Frederick A. Moore, MD, MCCM, will receive the American College of Critical Care Medicine’s (ACCM) highest honor, the Distinguished Investigator Award, during the Society of Critical Care Medicine’s (SCCM) 44th Critical Care Congress in Phoenix, Arizona, USA.
“I am truly honored to receive this recognition,” said Dr. Moore.
The Distinguished Investigator Award honors clinical researchers for meritorious and pioneering work in critical care and for significantly contributing to the understanding of the diseases and treatments of critically ill and injured patients. Dr. Moore will be honored for his many research contributions, including those related to the pathogenesis of multiple organ failure (MOF), and will deliver the presentation, Lessons Learned in Translational Research.
Throughout his illustrious career, Dr. Moore has led three productive multidisciplinary translational research teams in successive stages, extending his long-term vision of a unifying mechanistic hypothesis for the pathogenesis of MOF. At present, MOF is the leading cause of surgical intensive care unit (SICU) deaths and prolonged intensive care unit stays.
“I am proud to have made significant contributions,” said Dr. Moore.
Focusing on the evolving epidemiology of MOF, he added, certainly provided his research teams with “ample opportunity to pursue such novel translational research.”
Dr. Moore completed his undergraduate studies at Allegheny College in Meadville, Pennsylvania, USA, in 1975, then went on to graduate from the University of Pittsburgh School of Medicine in 1979. After completing his surgery residency at the University of Colorado Health Science Center (UCHSC) in 1985, Dr. Moore stayed on to begin his distinguished academic and clinical career at UCHSC as Medical Director of the SICU at Denver General Hospital. He moved from Denver to the University of Texas Medical School at Houston in 1996 and is now continuing his prolific research career at the University of Florida College of Medicine in Gainesville, Florida, USA.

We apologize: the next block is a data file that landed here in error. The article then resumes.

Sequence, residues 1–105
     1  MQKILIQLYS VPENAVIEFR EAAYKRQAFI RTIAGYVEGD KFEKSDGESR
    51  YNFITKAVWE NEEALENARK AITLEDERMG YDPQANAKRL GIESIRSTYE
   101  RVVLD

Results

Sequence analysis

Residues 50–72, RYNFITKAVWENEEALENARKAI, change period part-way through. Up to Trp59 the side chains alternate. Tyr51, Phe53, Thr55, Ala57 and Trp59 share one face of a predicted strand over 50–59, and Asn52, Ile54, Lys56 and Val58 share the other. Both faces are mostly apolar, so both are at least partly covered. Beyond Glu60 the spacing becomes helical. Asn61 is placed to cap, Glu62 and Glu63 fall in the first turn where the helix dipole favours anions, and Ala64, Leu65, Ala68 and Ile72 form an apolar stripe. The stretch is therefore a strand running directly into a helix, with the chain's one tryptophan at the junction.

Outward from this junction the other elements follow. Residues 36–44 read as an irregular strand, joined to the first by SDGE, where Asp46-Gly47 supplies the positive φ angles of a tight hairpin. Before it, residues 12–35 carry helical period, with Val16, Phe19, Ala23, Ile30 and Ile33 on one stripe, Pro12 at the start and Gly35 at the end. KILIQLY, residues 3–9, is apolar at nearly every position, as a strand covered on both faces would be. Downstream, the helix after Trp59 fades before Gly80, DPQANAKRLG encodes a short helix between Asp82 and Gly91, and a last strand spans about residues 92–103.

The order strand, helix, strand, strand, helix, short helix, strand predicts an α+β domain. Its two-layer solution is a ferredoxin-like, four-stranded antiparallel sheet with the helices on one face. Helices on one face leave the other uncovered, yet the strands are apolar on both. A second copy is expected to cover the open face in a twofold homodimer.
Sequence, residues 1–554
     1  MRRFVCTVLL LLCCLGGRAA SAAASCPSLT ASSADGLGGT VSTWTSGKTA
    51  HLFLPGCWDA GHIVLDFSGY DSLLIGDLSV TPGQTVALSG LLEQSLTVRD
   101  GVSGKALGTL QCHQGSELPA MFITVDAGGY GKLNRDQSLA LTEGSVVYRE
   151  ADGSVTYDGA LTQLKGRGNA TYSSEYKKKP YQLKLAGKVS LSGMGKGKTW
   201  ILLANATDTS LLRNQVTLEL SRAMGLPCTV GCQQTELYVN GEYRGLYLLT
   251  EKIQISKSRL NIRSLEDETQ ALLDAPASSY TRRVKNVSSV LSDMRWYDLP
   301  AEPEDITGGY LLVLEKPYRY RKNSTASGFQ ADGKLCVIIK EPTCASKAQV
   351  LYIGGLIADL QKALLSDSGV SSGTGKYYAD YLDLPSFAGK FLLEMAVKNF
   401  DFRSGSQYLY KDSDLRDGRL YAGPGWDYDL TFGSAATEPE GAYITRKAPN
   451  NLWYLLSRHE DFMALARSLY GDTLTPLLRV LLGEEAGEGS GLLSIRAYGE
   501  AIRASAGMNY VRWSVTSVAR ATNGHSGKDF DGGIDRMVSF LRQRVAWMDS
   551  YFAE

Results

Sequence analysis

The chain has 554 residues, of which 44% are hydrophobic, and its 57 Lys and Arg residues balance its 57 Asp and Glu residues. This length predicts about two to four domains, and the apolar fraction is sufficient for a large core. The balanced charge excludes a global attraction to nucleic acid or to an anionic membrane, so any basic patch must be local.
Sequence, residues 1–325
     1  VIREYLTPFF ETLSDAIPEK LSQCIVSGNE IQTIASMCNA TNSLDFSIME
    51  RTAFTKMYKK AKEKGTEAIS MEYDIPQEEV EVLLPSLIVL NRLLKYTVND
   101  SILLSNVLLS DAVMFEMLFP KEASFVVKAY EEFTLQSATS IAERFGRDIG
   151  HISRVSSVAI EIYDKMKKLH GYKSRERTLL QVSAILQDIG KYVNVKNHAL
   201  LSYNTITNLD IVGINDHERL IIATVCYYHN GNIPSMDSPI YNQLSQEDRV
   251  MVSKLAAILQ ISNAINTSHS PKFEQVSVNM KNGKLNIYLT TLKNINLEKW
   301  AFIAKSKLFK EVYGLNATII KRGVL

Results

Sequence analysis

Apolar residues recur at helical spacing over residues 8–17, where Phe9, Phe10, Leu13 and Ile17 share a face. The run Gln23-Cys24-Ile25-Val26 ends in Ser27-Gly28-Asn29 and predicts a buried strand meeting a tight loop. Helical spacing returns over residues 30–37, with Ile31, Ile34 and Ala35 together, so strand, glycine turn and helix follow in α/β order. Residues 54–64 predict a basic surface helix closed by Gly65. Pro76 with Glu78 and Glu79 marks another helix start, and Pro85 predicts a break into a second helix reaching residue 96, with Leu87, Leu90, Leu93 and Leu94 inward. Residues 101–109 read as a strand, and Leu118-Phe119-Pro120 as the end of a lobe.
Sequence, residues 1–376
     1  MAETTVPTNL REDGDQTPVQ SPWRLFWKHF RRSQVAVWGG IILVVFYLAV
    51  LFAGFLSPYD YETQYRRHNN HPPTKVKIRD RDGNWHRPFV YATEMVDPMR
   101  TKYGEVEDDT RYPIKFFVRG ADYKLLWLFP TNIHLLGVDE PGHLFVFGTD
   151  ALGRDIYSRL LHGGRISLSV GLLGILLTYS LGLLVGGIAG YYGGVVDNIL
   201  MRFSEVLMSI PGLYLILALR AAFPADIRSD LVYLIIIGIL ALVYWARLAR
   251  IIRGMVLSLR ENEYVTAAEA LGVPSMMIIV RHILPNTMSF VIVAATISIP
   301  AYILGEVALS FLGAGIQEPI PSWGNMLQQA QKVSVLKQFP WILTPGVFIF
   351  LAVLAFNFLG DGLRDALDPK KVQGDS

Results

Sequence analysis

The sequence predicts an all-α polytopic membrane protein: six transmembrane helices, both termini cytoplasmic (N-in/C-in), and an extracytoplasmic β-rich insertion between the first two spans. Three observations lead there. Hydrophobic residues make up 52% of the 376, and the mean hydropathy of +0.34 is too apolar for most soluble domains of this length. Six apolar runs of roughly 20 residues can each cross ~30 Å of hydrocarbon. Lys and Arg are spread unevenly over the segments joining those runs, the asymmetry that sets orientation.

In addition to MOF, Dr. Moore’s scientific legacy is also marked by numerous important and seminal contributions to critical care medicine in the areas of sepsis, inflammation and immunosuppression, early enteral nutrition, transfusion science, abdominal compartment syndrome, and acute kidney injury. He has amassed 419 indexed publications, 11 federal research grants and 27 non-federal research grants.
Dr. Moore has also been heavily involved in SCCM since 1987. He became the Surgery Section’s Secretary/Treasurer in 1989, its Chair-elect in 1991 and its Chair in 1994. He also participated in and advanced the Fundamental Critical Care Support program, among many other SCCM-related activities, and he was an editorial board member of Critical Care Medicine from 1997 to 2004.
For his efforts, Dr. Moore has received myriad awards and recognitions. In 2004, Dr. Moore received SCCM’s Asmund S. Laerdal Memorial Lecture Award for his extensive involvement in critical care research and publishing. The following year, he received SCCM’s Presidential Citation Award for his extraordinary contributions of time, energy and resources to SCCM. Fittingly, in 2012, Dr. Moore was recognized with the Master of Critical Care Medicine (MCCM) designation, which honors ACCM Fellows who have distinguished themselves by achieving national and international professional prominence.